(Local) A quiet Arizona neighborhood got a little louder this week when Prescott resident Corey Bilius called out his next door neighbors for having a welcome mat that does not accurately portray who they really are.
“You can’t believe everything you read on a welcome mat”, complained Bilius, who noticed on Friday that his next door neighbors Kayla Ostermann and Rory Klem keep a mat in front of their door that reads, Welcome To Our Love Nest.
“They fight all the time”, explained Bilius, 24, who has lived next door to the couple for about three months. “My dad almost called the cops on ‘em one time, but he changed his mind.”
Bilius first saw the mat while returning a piece of mail that was erroneously delivered to him:
“I had no idea it was there because I’d never been on their property before. But then I saw it and thought to myself, ‘Oh right, this is a love nest for sure. More like a fight nest!’ I mean, it struck me as being a very dishonest message, not consistent with who they really are.”
Added Bilius, “And I don’t know about you, but I am a big believer of honesty. Honesty is huge for me. Ask anybody.”
According to the hostess at IHOP, where Bilius spoke freely to us while waiting for his “breakfast date”, the couple in question have lived in their house for over five years and have two children.
(Opinion) A man who occasionally works out at a local YMCA always turns the television volume up way too loud, according to an eyewitness who claims she’s seen him do it on multiple occasions. The woman, who asked that her name not be printed, said, “This guy comes in here (to the cardio room) sometimes and turns on the television, and just blasts the volume like it’s nobody’s business! It’s rude, and it really bothers me and some of the other patrons.”
While no one else we spoke to would publicly comment on the matter, some did corroborate the woman’s story, nodding yes when asked if they’d ever seen the man put the community television set on too loud.
“All the time”, shot one person while hurriedly walking past our conversation.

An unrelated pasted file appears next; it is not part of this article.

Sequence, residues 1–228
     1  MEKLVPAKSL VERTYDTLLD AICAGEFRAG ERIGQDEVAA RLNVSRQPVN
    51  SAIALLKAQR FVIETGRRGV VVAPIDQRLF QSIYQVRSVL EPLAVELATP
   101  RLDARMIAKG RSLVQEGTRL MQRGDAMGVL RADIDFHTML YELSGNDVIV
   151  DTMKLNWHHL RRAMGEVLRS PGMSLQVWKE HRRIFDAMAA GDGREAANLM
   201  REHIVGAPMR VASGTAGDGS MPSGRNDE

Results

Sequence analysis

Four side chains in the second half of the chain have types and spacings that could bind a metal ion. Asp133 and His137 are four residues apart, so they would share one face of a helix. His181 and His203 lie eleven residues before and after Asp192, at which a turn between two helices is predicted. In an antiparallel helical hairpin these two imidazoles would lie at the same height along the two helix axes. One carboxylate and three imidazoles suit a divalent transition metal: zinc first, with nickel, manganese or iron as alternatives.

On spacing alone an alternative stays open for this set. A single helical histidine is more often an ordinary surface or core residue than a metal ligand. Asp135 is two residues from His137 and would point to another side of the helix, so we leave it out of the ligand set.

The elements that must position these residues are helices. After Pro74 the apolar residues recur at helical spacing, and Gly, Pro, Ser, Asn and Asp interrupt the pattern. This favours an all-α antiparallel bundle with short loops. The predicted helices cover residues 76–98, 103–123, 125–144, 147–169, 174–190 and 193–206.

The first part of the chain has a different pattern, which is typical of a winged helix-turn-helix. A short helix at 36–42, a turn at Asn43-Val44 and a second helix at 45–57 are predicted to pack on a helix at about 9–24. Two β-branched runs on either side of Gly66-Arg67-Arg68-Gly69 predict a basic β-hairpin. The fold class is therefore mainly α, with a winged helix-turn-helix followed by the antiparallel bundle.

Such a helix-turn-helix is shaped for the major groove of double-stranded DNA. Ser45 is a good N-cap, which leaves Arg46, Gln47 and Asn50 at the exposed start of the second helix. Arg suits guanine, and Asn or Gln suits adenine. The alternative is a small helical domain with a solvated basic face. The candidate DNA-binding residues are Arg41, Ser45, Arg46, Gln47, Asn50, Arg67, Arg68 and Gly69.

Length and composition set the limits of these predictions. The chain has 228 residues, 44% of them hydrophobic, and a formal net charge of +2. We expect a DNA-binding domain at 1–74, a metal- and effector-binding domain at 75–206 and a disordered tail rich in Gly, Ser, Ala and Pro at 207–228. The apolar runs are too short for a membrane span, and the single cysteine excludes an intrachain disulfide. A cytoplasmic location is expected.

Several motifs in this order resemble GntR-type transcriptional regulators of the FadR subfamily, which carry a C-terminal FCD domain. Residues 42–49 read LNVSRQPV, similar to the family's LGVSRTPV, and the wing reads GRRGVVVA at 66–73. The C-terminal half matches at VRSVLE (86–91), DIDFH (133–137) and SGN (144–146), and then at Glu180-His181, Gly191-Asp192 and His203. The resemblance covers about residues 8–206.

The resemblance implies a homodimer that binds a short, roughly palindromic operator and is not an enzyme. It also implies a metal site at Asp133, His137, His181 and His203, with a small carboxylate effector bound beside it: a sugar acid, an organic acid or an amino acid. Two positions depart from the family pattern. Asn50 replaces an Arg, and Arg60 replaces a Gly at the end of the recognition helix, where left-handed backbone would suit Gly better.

According to an employee at the front desk of the ‘Y’ (located in Ventura County, California, where the incidents have reportedly taken place), there are no hard and fast policies concerning the matter of television volume. According to the rules posted on the walls in said facility, everyone is to “be respectful”, but this is somewhat subjective.
“I know he’s an older gentlemen who maybe can’t hear so good anymore,” the woman continued, “but even so, it wouldn’t kill the YMCA to make some rules about this that are more strict. What comes around goes around.”
I asked her what she meant by ‘what comes around goes around’, but she avoided the question, instead adding: “People need to start showing some more respect around here or I’ll be working out at one of their other locations.”
(News) A heterosexual man was spotted eating lunch at a Panera Bread located in Tom’s River, New Jersey on Saturday. Phil Darwell, of White Plains, New York, stopped there with his family for lunch while on vacation.
Darwell works for New Jersey Transit, has been married for 17 years, and has two children, 16 and 9.
(Research) Unless hiking, or on a school campus, a man carrying a backpack is always “kinda creepy”, according to a new independent study done by researchers at the Swiss Department Of Social Sciences. The research project, headed by department founder, Noah Rorschach, polled roughly 800 U.S, residents, both male and female, between the ages of 18 and 50. The study asked people to write down their first five thoughts when shown a short video of a man walking down a street carrying a backpack. Below are the five most frequently repeated responses:
5) “Probably a murderer.”
4) “What is he hiding?”
3) “Doesn’t he have a home?”
2) “He has drugs on him, for sure.”
1) “Kinda creepy.”
During the study, all participants were also shown two other photos: one of the same man with the same backpack walking on a college campus, and another of the same man hiking in the wilderness.
“Hey, totally different thing,” explained Rorschach, “I mean there’s nothing odd about a guy with a backpack in those two scenarios.”
The full report will be published next month, and can be viewed at http://www.sdss.gov/study/dosanddonts/bp
(Community Voices) Westlake Village resident Brad Tarnek, who often rides a bicycle around his hometown with his buddies, in full, florescent regalia, says he actually “has a life,” despite what it looks like. “I have been married for eight years, I have two beautiful children, and I have a fulfilling job as a numismatist,” explained Tarnek, 44. “I spend time with both my immediate and extended families, and my wife and I enjoy going out for dinner with our friends.”
The news was shocking to some of those present at Cafe Aroma, a local coffeehouse where Tarnek was overheard making said claims.
“I don’t believe a word of it,” chimed Cathy Shoop of Thousand Oaks. “Look at the helmet, the purple exercise knickers, or whatever the hell you call those things. Can you imagine the amount of time he probably spends at Sports Chalet?
Shoop’s friend, Debbie Wixon, agreed: “Look at him. I bet it takes him more time to prepare to go out in public than it takes me. And my husband says it takes me two hours to get ready.”
Tarnek held his ground though, and insisted that he maintains a full, well-balanced life. “My friends and I may look a certain way to people driving by. But I actually speak for a lot of us when I say our lives are full. Cycling is by no means an obsession. It’s just a hobby. Plus, it’s good for a person’s health.”